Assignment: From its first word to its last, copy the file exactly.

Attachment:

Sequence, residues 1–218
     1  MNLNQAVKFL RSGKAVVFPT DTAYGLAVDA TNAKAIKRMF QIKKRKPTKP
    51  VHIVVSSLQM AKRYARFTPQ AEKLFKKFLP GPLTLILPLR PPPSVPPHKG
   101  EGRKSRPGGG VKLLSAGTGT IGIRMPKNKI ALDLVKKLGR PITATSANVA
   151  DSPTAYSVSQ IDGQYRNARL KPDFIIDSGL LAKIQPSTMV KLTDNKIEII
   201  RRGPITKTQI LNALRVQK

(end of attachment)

Sequence, residues 1–218
     1  MNLNQAVKFL RSGKAVVFPT DTAYGLAVDA TNAKAIKRMF QIKKRKPTKP
    51  VHIVVSSLQM AKRYARFTPQ AEKLFKKFLP GPLTLILPLR PPPSVPPHKG
   101  EGRKSRPGGG VKLLSAGTGT IGIRMPKNKI ALDLVKKLGR PITATSANVA
   151  DSPTAYSVSQ IDGQYRNARL KPDFIIDSGL LAKIQPSTMV KLTDNKIEII
   201  RRGPITKTQI LNALRVQK